Children of Blood and Bone by @tomi_adeyemi

Tomi Adeyemi’s book, Children of Blood and Bone was recommended to me by a friend and it was one of my favorite reads this summer. I like to describe this book as, for lack of a better comparison, Black Harry Potter 🤷🏽‍♀️ Similarly, the books focus on a young person coming to age and discovering their magical powers through a series of life tribulations. Unlike Harry Potter, this tale doesn’t take place in some fancy school, rather the varying landscape of the African continent. Even if you aren’t into sci-fi or magic, this book is quite entertaining an enlightening, especially when you consider the author’s motivation in writing the book.

Children of Blood and Bone is the first of a trilogy, which takes place in a mystical version of Africa. While some places are make believe, like Orïsha, there are certainly real places mentioned like Lagos. Ancient Gods and Goddesses from the Yoruba religion play a major part of the backbone of the storyline as they guide the main character, Zélie Adebola, embarks on a destined mission to bring magic back to her people.

Throughout the first book and into the second, Children of Virtue and Vengeance, we watch Zélie and everyone around her learn about their own history — one that they have prohibited to learn and given countless, negative misconceptions about. My favorite thing about this writing is how beautifully Tomi describes the characters, hinting at the tones of their gold and copper skin and intricacy of their curls, braids and locks. I cant explain the connection and deep appreciation I feel when I am reading a beautiful description and I think “like me?”

Adeyemi has said that the idea for the novel came after a trip to Brazil, describing: “I was in a gift shop there and the African gods and goddesses were depicted in such a beautiful and sacred way…it really made me think about all the beautiful images we never see featuring black people.”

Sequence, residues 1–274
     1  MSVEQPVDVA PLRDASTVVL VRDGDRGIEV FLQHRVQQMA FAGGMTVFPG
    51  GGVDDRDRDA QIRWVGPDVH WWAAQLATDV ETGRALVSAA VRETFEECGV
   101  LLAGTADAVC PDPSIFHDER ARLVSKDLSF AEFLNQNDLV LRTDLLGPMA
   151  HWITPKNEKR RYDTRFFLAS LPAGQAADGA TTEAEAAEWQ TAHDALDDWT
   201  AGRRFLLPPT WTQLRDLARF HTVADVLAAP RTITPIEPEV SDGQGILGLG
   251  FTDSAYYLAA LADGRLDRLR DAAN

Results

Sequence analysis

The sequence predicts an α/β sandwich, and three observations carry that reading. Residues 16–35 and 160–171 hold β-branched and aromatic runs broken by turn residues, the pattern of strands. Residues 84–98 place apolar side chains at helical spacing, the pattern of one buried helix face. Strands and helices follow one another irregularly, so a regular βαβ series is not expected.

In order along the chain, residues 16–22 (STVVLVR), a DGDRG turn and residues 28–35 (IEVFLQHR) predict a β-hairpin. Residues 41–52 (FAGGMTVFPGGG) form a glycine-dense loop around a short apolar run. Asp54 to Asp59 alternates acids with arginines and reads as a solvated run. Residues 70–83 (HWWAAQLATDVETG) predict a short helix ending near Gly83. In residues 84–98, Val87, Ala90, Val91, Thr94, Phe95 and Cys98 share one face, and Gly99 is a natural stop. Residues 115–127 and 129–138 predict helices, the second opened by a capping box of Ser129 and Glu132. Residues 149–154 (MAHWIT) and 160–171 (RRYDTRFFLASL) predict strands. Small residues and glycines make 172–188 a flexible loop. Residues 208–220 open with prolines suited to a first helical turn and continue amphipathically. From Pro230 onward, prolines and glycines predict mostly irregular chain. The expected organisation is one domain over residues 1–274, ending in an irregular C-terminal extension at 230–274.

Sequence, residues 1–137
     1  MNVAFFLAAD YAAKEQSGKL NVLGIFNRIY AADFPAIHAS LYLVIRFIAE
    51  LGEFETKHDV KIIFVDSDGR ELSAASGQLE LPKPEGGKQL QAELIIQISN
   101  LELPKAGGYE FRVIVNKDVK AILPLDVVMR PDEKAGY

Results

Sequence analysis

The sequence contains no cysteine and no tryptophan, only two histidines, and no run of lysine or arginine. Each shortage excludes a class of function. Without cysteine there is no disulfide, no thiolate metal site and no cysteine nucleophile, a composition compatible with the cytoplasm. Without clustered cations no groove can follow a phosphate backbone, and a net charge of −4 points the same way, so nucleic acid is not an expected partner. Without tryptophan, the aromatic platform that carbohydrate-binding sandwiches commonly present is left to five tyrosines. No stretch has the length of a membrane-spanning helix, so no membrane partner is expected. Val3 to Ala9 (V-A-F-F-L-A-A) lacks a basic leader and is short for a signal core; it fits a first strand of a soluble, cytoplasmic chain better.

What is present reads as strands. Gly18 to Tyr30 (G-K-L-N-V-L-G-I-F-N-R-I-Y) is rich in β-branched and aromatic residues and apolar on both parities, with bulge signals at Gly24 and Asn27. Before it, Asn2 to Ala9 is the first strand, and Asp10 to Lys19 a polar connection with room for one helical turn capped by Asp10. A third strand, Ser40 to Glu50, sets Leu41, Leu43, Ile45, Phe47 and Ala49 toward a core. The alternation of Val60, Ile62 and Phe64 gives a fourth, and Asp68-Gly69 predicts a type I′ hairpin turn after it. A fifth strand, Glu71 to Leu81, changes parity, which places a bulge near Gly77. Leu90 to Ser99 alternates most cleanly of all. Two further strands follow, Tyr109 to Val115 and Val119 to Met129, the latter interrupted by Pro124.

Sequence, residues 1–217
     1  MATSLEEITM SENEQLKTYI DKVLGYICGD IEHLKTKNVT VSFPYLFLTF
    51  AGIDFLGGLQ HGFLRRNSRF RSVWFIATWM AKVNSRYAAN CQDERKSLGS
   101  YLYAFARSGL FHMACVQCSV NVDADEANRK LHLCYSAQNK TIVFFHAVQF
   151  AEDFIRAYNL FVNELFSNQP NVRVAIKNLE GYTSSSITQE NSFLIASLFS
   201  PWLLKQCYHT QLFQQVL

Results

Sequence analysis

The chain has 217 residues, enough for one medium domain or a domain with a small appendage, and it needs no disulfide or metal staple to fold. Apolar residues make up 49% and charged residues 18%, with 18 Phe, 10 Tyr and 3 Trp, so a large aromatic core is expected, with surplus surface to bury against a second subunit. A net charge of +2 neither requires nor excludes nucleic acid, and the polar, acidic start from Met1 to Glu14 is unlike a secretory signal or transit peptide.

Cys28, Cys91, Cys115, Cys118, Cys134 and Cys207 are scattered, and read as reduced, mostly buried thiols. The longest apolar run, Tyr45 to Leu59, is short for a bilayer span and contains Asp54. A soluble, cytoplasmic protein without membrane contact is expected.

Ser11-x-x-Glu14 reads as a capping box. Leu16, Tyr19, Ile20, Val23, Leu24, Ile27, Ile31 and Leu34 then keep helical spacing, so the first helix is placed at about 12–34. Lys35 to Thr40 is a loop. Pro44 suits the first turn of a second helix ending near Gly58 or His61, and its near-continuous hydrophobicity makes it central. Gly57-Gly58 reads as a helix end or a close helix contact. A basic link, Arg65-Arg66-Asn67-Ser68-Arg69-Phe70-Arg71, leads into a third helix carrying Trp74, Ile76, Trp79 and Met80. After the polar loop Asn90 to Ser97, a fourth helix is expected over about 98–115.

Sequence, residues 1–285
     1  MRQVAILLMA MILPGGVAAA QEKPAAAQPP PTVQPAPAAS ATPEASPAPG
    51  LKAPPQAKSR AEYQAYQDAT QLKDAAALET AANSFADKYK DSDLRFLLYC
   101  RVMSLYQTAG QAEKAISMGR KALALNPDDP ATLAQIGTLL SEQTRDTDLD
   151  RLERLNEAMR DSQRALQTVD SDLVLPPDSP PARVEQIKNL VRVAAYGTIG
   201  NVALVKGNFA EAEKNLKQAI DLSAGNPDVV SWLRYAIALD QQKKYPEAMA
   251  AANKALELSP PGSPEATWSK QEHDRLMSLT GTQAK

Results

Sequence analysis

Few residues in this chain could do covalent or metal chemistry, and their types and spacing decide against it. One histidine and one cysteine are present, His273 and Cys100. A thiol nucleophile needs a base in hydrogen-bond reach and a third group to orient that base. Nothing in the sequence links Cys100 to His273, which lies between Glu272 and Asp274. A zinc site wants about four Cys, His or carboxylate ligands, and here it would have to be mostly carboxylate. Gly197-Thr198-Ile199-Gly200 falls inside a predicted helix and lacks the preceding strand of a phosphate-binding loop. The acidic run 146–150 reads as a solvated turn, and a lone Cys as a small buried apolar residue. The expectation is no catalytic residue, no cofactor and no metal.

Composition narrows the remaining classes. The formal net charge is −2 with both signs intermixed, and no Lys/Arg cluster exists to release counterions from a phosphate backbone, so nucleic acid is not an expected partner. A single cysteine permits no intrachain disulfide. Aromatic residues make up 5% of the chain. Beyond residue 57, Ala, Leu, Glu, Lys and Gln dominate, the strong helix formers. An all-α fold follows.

In addition to painting wondrous images of Black people, Gods and Goddesses, Tomi makes it an underlying mission to speak to police brutality and racism in [American] society. The people of Orïsha had been persecuted for the magic powers they once possessed. By way of violence and destruction, they were stripped of their powers and society grew to have an incredibly painful disparity. Guided by the Gods (even when she didn’t want to be), Zélie embarks on a mission to restore the inherent magic of her people and end the persecution. In this journey, Tomi aimed to encourage black and oppressed people to continue fighting for their freedom and the ability to reach their full potential (aka find their magic). The first book closes with an author’s note which I think are worth reading and I think will encourage you to read while we wait for the next book!

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